By on February 20, 2019

Recently married Crystal Bryan-Muñoz’s passion for THON is the result of “discovering that when cancer treatments end, the fight to end the disease does not.”

The Lititz resident and 2002 Cocalico High School graduate documented her experience in State College with her family at last weekends’ THON 2019. Penn State’s student-run philanthropy project, devoted to strengthening the lives of children and families impacted by childhood cancer, is capped off by an annual, 46-hour, no-sitting, no-sleeping dance marathon.

Crystal’s roller coaster ride and 29-month battle with childhood cancer started at age 11.

Recently married Luis and Crystal Bryan -Muñoz, both in red, at last weekend’s THON 2019.

She said there’s been many ups, downs and “crazy loops” in that battle.


Family Hour with Logan (left) and Jake Bryan both wearing shirts in memory of two angels – Kirra Broadwater and Courtney Jarret.


(From left to right) Allison Banavitch, a THON dancer from Pi Beta Phi, Layla Bryan, Halley Seybold and Michelle Totilo.
Photo by Crystal Bryan


A true THON (from left to right) Layla Bryan ,13, Ethan Muñoz 14, Ava Bryan, 7 and Logan Bryan, 9, with singer Andy Grammer Friday night.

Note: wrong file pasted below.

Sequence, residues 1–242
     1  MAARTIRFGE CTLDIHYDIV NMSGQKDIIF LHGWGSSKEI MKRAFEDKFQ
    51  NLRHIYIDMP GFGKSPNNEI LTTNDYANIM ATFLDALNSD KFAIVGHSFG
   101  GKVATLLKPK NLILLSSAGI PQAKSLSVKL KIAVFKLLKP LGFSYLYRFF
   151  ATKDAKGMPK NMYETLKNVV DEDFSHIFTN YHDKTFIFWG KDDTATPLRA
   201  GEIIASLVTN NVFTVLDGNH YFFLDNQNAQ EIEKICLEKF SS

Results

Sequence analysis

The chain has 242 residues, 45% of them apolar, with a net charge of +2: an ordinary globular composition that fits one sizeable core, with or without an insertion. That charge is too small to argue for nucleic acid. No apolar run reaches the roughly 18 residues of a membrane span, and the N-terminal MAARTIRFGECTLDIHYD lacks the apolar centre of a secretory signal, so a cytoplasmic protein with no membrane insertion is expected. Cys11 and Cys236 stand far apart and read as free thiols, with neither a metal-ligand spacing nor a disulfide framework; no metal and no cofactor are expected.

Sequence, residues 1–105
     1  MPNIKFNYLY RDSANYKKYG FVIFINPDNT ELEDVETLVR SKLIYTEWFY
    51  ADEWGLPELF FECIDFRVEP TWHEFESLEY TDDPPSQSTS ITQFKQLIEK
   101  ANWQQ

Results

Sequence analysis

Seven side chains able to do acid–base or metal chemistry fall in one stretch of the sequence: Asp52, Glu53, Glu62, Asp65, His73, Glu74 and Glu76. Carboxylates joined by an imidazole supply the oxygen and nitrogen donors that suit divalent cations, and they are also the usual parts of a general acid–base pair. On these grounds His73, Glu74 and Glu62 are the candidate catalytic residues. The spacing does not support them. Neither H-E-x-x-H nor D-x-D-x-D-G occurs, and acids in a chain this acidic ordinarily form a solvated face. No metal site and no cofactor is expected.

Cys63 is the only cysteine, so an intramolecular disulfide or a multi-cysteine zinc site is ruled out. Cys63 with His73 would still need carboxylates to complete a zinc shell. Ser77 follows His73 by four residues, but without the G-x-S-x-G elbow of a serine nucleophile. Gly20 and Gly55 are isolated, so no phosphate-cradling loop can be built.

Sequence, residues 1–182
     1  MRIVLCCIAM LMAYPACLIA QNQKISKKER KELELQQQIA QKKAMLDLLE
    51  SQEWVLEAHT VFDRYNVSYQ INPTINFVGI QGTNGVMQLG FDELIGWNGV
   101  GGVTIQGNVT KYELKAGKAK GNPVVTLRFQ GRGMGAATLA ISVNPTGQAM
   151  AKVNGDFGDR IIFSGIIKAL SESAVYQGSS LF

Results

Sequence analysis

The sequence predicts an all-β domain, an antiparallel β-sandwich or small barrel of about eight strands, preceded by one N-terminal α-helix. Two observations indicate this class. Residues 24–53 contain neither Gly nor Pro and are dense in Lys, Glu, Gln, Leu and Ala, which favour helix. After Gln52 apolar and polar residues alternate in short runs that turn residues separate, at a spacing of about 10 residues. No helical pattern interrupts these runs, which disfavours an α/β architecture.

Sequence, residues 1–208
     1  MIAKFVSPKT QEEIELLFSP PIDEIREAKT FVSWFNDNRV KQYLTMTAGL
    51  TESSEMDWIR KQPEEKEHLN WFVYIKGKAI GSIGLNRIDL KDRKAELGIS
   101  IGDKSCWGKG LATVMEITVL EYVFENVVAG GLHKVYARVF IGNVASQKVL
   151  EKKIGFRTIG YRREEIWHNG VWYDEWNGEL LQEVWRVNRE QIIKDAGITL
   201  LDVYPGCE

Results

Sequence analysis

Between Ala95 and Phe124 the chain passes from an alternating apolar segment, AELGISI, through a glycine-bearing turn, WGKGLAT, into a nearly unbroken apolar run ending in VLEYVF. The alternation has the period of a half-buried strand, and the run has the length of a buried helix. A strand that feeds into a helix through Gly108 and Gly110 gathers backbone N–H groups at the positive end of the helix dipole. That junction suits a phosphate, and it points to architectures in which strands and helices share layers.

(from Left to right) Layla Bryan, Katie Bush, a Hempfield grad and PSU junior; Ava Bryan, Sydney Bush, a Hempfield sophomore and Four Diamonds Survivor, and Abby Muñoz.


Five minutes until its time to sit at Thon 2019.


THON 2019 line dance Saturday night.

“It’s definitely been the most defining ride of my life,” she said.

A friend recently offered a quote which she likes to share and live by.

“I love when people that have been though hell walk out of the flames carrying buckets of water for those still consumed by the fire,” Crystal quoted. A photographer and a mother of five, she attended THON with her husband Luis Muñoz, a former THON 1998 Captain and PSU alumni. Also attending were their children Layla Bryan,13, Ethan Muñoz 14, Ava Bryan, 7, Logan Bryan, 9, and Abby Muñoz

Crystal said her passion for THON is reinforced and driven by the desire to never “hear the words my child has cancer.”

“I never want any of their friends’ parents to hear those words,” she said.

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